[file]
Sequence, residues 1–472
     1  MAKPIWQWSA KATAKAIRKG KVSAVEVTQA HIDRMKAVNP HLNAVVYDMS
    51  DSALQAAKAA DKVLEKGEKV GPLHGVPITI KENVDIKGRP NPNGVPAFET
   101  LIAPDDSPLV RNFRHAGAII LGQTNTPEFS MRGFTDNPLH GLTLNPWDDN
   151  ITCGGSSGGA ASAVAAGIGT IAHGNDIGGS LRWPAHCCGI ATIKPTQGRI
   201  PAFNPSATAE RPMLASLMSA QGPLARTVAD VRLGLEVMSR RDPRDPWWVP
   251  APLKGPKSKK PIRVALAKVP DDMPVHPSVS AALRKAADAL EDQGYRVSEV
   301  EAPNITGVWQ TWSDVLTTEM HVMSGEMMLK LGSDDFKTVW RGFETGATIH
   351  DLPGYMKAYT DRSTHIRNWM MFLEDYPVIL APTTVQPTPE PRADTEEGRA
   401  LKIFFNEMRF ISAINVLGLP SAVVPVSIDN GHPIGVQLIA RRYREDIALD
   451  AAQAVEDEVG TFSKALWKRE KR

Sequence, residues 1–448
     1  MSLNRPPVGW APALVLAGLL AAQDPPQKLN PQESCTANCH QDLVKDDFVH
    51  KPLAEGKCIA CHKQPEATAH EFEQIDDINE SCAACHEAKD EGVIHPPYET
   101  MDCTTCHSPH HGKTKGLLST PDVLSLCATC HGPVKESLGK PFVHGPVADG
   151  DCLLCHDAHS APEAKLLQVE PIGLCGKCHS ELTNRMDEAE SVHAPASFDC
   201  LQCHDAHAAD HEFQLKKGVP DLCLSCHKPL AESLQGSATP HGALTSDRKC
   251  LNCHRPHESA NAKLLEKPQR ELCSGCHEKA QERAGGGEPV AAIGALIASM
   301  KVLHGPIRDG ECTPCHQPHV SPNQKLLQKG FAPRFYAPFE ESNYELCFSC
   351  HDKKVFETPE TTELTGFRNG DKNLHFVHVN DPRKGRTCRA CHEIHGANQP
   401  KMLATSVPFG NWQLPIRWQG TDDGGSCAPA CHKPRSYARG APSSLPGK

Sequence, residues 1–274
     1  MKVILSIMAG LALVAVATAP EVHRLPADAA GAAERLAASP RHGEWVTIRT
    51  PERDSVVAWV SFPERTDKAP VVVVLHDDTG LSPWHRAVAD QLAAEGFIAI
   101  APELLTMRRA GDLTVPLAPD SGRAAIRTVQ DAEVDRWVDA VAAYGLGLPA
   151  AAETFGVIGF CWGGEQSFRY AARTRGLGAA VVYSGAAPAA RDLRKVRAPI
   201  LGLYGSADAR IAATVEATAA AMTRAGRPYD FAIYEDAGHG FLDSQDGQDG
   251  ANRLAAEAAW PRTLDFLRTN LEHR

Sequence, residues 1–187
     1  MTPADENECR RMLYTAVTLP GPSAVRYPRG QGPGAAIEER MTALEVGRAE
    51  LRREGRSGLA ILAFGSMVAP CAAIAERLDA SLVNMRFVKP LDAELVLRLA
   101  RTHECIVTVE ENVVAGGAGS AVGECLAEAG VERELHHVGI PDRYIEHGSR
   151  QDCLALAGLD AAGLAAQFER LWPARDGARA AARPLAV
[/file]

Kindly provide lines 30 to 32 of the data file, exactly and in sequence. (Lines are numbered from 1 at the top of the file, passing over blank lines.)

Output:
     1  MTPADENECR RMLYTAVTLP GPSAVRYPRG QGPGAAIEER MTALEVGRAE
    51  LRREGRSGLA ILAFGSMVAP CAAIAERLDA SLVNMRFVKP LDAELVLRLA
   101  RTHECIVTVE ENVVAGGAGS AVGECLAEAG VERELHHVGI PDRYIEHGSR